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Impact of GMS-5 and GOES-9 Satellite-Derived Winds on the Prediction of a NORPEX Extratropical Cyclone

Qingnong XiaoDepartment of Meteorology, The Florida State University, Tallahassee, Florida

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X. ZouDepartment of Meteorology, The Florida State University, Tallahassee, Florida

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M. PondecaDepartment of Meteorology, The Florida State University, Tallahassee, Florida

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M. A. ShapiroNOAA/ETL, Boulder, Colorado

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C. VeldenUniversity of Wisconsin–CIMSS, Madison, Wisconsin

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Abstract

The impact of satellite-derived wind observations on the prediction of a mid–Pacific Ocean cyclone during the North Pacific Experiment (NORPEX, 14 Jan–27 Feb 1998) is assessed using a four-dimensional variational (4DVAR) approach in which a nonhydrostatic version of the Pennsylvania State University–National Center for Atmospheric Research fifth-generation Mesoscale Model (MM5) serves as a strong constraint. The satellite-derived wind observations are retrieved through an automated tracking algorithm using water vapor visible, and infrared imagery from the operational Geostationary Meteorological Satellite-5 (GMS-5) and Geostationary Operational Environmental Satellite-9 (GOES-9) over the North Pacific basin. For the case studied, it is found that the amount of satellite wind data is much greater in the upper troposphere than in the lower troposphere.

The 4DVAR assimilation of the satellite wind observations is carried out on a single domain with 90-km horizontal resolution. Incorporation of satellite wind observations was found to increase the cyclonic zonal wind shear and the cross-front temperature gradient associated with the simulated cyclone. However, the improvement in the intensity of the simulated cyclone measured by the central sea level pressure is marginal using the same assimilation model. Increasing the forecast model resolution by nesting a 30-km resolution domain yields a more significant impact of the satellite-derived wind data on the cyclone intensity prediction. The GMS-5 satellite winds (upstream data) are found to have more influence on the quality of the cyclone development than the GOES-9 satellite winds (downstream data). An adjoint sensitivity study confirms that the most sensitive region is located upstream of the cyclone, and that the cyclone is more sensitive to the lower rather than the upper atmosphere. Therefore, it is anticipated that larger impacts on cyclone prediction in the mid–Pacific Ocean will occur when a greater or equal amount of satellite wind observations are made available for the lower troposphere as are available for the upper levels.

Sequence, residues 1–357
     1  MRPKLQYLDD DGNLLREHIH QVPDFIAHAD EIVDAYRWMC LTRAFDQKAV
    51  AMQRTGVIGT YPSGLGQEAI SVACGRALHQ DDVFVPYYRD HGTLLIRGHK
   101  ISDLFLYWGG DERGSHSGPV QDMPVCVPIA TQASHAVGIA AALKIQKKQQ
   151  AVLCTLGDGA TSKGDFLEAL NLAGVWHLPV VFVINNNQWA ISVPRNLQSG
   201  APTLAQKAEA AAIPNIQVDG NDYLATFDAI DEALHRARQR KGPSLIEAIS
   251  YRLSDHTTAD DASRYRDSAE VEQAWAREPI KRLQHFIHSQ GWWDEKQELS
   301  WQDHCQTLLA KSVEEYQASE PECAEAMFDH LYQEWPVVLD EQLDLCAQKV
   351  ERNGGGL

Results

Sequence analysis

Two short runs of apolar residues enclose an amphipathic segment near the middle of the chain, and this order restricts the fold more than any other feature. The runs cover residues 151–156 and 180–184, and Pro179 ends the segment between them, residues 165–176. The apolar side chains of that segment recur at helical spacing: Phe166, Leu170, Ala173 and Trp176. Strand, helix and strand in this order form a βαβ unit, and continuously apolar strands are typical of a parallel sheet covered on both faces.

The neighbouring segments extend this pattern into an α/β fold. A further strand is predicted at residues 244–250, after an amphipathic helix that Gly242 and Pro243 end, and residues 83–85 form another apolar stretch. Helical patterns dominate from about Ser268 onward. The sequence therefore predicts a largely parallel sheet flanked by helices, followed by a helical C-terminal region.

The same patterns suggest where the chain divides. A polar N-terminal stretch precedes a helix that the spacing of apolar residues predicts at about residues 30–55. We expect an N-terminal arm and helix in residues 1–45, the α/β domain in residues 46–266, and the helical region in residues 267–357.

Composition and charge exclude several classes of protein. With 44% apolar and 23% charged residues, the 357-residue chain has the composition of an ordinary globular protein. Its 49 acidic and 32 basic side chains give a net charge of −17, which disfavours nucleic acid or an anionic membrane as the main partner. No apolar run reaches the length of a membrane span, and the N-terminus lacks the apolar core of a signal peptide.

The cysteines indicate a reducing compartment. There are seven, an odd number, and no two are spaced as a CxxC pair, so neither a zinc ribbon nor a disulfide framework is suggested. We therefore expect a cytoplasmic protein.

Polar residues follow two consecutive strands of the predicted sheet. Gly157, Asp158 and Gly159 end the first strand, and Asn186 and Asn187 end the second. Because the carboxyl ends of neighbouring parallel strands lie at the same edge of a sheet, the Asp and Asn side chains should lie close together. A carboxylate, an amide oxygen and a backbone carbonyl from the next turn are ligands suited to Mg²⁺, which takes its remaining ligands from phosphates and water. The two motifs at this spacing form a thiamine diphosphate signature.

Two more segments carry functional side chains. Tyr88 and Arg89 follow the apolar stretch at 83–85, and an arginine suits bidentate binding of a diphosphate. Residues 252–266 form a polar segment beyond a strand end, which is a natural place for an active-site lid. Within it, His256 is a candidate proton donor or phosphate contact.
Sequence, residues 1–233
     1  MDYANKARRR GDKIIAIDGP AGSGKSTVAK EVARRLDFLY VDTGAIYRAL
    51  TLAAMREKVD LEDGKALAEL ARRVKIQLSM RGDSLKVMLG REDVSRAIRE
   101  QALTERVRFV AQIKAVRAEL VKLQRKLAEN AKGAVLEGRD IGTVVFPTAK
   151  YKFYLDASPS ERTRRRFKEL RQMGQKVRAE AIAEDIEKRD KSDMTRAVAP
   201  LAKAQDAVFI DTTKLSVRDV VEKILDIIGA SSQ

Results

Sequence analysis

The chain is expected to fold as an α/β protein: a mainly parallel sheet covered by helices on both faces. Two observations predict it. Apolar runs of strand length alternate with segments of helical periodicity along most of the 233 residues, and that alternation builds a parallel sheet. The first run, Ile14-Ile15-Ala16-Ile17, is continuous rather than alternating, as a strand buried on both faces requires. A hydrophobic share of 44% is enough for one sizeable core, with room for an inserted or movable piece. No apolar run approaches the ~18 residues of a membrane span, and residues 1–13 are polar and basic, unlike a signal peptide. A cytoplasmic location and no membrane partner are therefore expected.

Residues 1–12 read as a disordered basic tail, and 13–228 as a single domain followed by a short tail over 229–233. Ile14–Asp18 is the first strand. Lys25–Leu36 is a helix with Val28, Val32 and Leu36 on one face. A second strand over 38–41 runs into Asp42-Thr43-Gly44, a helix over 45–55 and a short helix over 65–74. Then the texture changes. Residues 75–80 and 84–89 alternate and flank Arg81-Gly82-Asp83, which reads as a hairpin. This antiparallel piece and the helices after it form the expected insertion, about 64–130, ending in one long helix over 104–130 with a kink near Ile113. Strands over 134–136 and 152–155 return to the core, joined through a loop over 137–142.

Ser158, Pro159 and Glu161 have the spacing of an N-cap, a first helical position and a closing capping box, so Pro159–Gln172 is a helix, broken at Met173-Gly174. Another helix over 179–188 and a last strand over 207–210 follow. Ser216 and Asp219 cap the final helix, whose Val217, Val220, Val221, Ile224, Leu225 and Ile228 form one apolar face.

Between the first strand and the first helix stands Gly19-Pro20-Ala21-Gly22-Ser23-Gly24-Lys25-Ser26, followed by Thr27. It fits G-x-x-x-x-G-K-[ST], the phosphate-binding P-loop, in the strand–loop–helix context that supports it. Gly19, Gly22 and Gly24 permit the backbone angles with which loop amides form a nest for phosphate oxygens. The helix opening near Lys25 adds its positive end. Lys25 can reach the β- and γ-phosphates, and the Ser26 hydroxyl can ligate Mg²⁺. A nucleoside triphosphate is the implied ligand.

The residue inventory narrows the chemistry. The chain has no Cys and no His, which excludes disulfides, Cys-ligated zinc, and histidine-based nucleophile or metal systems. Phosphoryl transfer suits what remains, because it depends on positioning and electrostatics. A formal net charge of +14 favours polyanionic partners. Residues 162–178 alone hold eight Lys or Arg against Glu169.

Corresponding author address: Dr. Q. Xiao, National Center for Atmospheric Research, Mesoscale and Microscale Meteorology Division, Boulder, CO 80307-3000. Email: hsiao@ncar.ucar.edu

Abstract

The impact of satellite-derived wind observations on the prediction of a mid–Pacific Ocean cyclone during the North Pacific Experiment (NORPEX, 14 Jan–27 Feb 1998) is assessed using a four-dimensional variational (4DVAR) approach in which a nonhydrostatic version of the Pennsylvania State University–National Center for Atmospheric Research fifth-generation Mesoscale Model (MM5) serves as a strong constraint. The satellite-derived wind observations are retrieved through an automated tracking algorithm using water vapor visible, and infrared imagery from the operational Geostationary Meteorological Satellite-5 (GMS-5) and Geostationary Operational Environmental Satellite-9 (GOES-9) over the North Pacific basin. For the case studied, it is found that the amount of satellite wind data is much greater in the upper troposphere than in the lower troposphere.

The 4DVAR assimilation of the satellite wind observations is carried out on a single domain with 90-km horizontal resolution. Incorporation of satellite wind observations was found to increase the cyclonic zonal wind shear and the cross-front temperature gradient associated with the simulated cyclone. However, the improvement in the intensity of the simulated cyclone measured by the central sea level pressure is marginal using the same assimilation model. Increasing the forecast model resolution by nesting a 30-km resolution domain yields a more significant impact of the satellite-derived wind data on the cyclone intensity prediction. The GMS-5 satellite winds (upstream data) are found to have more influence on the quality of the cyclone development than the GOES-9 satellite winds (downstream data). An adjoint sensitivity study confirms that the most sensitive region is located upstream of the cyclone, and that the cyclone is more sensitive to the lower rather than the upper atmosphere. Therefore, it is anticipated that larger impacts on cyclone prediction in the mid–Pacific Ocean will occur when a greater or equal amount of satellite wind observations are made available for the lower troposphere as are available for the upper levels.

Corresponding author address: Dr. Q. Xiao, National Center for Atmospheric Research, Mesoscale and Microscale Meteorology Division, Boulder, CO 80307-3000. Email: hsiao@ncar.ucar.edu

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